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Time For Your Test

June 23, 2018



With the school year finished, I wasn’t aware that I was the one who had still not taken their final.  Life served me my test last Thursday. 


Riding with my buddy Roberto and Pete, we took the hour drive from Ventura to a little slice of paradise 30 miles north of Santa Barbara.  With the sun out, enough kindle for a campfire and some good conversation on tap, I was glad we all decided to take advantage of the beauty California constantly serves up. 


Speaking of beauty, I’ve wondered why over time, especially with the invention of smartphones and other advanced technology, society has felt an increasing and incessant need to capture and chronicle everything we deem to be alluring?  (I explored this idea before when I visited Zion National Park.)


I believe in balance, so I took my drone with me and left my camera behind.  Determined to get only ten minutes of footage from far above would satisfy my creativity and desire to document this location. 


With an hour before sunset, I set sail and let this little helicopter survey the California Coast. 


Gliding across the sky, spinning around, switching angles, I was looking at Mother Nature from a perspective only a few were lucky to have.  At this point, I was unaware of how my luck was about to change.


The battery read error, as it has done the past two or three times.  I carefully began to fly it back to base.  Standing in an almost empty parking lot, I saw it hovering above me. 


Then it stopped spinning.


Free falling, but nowhere near as sweet sounding as Tom Petty, I watched in horror as my drone was moving at a speed that I couldn’t control. Malfunction.  Malfunction. Mouth open, aghast and then CRASH!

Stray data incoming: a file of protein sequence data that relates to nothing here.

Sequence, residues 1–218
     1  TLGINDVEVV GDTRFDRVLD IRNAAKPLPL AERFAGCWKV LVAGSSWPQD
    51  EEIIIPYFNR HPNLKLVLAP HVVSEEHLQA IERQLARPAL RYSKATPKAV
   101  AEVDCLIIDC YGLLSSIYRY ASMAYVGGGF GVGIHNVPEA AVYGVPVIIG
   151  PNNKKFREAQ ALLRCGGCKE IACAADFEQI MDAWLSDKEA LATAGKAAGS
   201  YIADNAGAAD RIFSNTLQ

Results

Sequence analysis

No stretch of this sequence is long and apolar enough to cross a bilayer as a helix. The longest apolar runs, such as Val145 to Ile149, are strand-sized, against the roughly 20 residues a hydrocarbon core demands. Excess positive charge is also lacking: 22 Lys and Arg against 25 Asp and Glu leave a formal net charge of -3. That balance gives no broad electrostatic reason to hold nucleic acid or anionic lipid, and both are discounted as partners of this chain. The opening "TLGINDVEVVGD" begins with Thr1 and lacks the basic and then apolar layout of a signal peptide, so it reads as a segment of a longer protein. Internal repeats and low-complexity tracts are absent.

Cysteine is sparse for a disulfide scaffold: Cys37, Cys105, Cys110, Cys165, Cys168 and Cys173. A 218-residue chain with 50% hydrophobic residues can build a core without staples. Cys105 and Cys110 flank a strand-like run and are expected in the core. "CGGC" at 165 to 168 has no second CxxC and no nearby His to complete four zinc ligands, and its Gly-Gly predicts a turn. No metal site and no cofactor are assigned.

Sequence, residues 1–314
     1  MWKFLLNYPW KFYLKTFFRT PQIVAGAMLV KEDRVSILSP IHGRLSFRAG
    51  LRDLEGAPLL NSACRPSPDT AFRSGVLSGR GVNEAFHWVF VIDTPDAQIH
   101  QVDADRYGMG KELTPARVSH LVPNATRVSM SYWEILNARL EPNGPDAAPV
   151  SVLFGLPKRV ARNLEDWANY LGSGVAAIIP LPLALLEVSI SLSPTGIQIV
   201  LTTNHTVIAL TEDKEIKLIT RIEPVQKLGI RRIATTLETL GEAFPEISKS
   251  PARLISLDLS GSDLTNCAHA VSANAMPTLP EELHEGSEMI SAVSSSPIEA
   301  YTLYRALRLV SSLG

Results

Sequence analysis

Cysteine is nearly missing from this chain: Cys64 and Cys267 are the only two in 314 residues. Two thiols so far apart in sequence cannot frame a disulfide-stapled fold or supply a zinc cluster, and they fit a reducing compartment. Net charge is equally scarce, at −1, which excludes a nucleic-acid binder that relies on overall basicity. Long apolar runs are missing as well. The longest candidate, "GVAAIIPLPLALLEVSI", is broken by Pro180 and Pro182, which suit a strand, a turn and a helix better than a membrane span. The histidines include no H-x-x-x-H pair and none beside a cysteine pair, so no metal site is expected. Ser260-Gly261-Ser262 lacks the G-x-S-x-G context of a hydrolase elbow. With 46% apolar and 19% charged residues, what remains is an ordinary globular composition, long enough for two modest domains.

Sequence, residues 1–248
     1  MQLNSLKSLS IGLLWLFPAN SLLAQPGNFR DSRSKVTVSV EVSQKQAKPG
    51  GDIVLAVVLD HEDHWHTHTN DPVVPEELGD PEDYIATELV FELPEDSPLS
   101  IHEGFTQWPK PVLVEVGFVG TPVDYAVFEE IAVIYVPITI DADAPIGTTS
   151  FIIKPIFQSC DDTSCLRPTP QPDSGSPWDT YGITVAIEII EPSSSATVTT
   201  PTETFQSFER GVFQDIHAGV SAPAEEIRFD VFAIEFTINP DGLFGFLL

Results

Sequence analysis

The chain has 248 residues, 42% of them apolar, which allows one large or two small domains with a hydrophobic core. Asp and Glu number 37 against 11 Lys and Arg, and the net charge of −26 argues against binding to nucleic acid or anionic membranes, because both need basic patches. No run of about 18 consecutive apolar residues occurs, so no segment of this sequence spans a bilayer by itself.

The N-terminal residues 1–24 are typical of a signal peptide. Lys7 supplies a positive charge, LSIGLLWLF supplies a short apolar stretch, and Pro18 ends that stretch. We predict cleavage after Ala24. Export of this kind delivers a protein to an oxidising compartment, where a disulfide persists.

I looked on in horror.  My drone had crashed directly onto the windshield of an empty 2017 Dodge Challenger.  Shit. 

Your test begins…now.  I grabbed my wallet and a shirt, and as I headed to the parking lot the scene was well underway.  A young lady, who was unluckier than me, began barking, yelling, screaming, asking me what I was thinking.


I could only muster a few phrases, all with the same implication: I’m so sorry.  


I took a few more verbal punches as her family surrounded me in full force.  They wanted answers. I told them what I knew regarding the malfunction and that I would take full responsibility for the situation. But words wouldn’t fix her windshield.  Yet, as time slowly trickled by, and I remained calm and apologetic, refusing to fight anger with anger, the scene improved and we worked towards a solution.  Throughout the two hours of waiting together, we worked our way to the heart of humanity. 


As we waited, we talked.  It turns out two of her family members were teachers.  We swapped stories from the end of the year.  Her boyfriend was a Dodgers fan, and with my Phillies sweatshirt, we recounted the tense playoff series back in ‘08 and ’09 as well as the current season.   We curiously asked questions about each other.  It was genuine and it was pleasant- even if the circumstances weren’t. 


Every twenty or thirty minutes, when the conversation wore down and we remembered why we were all there, I would reiterate how sorry I was.  They understood.  Mistakes happen.  They appreciated someone who owned their fault because, unfortunately, they had recently been through a hit-and-run.  Luck did not seem to be on their side.


After two hours, the tow truck eventually came, and this marked the end of an unfortunate event. 


As I walked back to camp, I was surprisingly grateful. I knew I would be out a fat chunk of cash, but I also knew it could have been worse. I had hope for humanity.  We didn’t let technology, or anger, divide us.


As I write this, the issue has been resolved and her car is fixed and back in her possession.  I learned the hard lesson that machines have a mind of their own and we must be careful with how much trust we put in them.  I also learned that owning up to mistakes and handling warranted anger with understanding and grace goes a long way. 


If life were to grade my final for the year, I’d hope for an A-.  But that is up to the teacher. And realistically, regardless of our professions, we are all students at heart.

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